In other words, Instagram is now growing faster than Flickr. Between 4.5 and 5.2 million per day for Instagram, compared to 4.2-4.5 on Flickr.

Here are two graphs describing the development and you can follow the links below for more stats and links to different milestones.

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Instagram may reach 1 billion photos in April


Steady growth for Flickr as it reaches 6 billion photos

Instagram may reach 1 billion photos in April

Instagram, one of my favourite apps, is growing like crazy. In September last year, I noted that users had uploaded 200 million photos, which meant that the growth rate in August was about 50 million photos per month. Now, it seems that users are adding the same number in just 11 days.

According to my calculations, Instagram passed 500 million photos on Jan 2, 2012 and 550 million on Jan 13. That means that 4.5 million photos are uploaded each day to Instagram and at that speed 1 billion photos will be reached about April 20, or possibly sooner if the service continues to add new users.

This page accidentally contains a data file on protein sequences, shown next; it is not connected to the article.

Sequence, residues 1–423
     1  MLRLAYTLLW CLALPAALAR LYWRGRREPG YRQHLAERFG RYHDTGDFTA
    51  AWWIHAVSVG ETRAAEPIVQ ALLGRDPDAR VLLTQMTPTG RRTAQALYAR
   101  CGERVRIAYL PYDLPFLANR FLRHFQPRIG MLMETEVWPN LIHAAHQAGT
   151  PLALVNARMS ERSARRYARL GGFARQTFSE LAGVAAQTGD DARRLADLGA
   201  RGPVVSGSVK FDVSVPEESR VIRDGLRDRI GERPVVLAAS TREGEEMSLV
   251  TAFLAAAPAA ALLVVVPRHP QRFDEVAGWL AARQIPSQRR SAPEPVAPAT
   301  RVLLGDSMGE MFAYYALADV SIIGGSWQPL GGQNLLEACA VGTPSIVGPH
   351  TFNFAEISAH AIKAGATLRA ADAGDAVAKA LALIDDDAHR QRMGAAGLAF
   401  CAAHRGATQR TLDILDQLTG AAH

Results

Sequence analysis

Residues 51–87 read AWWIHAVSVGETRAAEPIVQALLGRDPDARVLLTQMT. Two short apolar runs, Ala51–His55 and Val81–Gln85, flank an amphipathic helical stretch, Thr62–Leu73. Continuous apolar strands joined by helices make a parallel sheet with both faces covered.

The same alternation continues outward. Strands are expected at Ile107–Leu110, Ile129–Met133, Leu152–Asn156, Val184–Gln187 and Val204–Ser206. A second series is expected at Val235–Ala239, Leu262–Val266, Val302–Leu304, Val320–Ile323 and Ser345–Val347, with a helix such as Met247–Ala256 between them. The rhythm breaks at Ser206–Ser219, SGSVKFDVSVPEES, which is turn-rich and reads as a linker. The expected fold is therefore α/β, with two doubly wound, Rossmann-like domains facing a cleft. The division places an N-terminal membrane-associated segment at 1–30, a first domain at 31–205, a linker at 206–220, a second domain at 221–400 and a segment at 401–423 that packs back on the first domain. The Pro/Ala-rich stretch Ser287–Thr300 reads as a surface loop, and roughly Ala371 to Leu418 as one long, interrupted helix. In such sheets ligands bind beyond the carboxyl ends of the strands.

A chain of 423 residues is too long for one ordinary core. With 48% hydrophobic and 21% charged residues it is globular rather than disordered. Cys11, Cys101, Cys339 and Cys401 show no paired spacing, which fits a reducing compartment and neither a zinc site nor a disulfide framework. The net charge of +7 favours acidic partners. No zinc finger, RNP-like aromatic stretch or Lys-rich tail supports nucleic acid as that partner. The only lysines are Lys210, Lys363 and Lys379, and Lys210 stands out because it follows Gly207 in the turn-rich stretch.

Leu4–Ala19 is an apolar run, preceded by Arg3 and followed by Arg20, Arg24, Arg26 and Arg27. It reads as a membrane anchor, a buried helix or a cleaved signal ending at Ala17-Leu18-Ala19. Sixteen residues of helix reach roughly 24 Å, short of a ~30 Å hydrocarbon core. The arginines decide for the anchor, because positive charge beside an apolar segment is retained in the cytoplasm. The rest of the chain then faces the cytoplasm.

If you want to check the dates of the different milestone photos used in the graph above, follow the links below:

07-16-2010: 2

11-19.2010: 5000001

02-09-2011: 25000002

04-09-2011: 50000000

19-06-2011: 100000000

02-09-2011: 200000000

29-10-2011: 300000001

07-12-2011: 400000000

02-01-2012: 500000000

08-01-2012: 525000000

13-01-2012: 550000000

Some even numbers are not available, I suspect because they are private (or have been deleted). The ID’s of the milestones have been recovered by using Statigram and There’s no guarantee that the ID numbers from theses sites are an accurate reflection of the total volume, but previously this way of counting has proven to be quite accurate.